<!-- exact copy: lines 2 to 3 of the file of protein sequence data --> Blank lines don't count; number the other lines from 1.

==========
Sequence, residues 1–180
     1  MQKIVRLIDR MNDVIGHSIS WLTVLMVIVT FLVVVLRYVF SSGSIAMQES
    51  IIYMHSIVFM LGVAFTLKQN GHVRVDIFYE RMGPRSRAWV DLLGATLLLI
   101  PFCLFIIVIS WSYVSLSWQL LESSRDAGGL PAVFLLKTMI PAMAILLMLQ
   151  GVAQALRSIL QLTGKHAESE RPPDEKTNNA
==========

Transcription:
     1  MQKIVRLIDR MNDVIGHSIS WLTVLMVIVT FLVVVLRYVF SSGSIAMQES
    51  IIYMHSIVFM LGVAFTLKQN GHVRVDIFYE RMGPRSRAWV DLLGATLLLI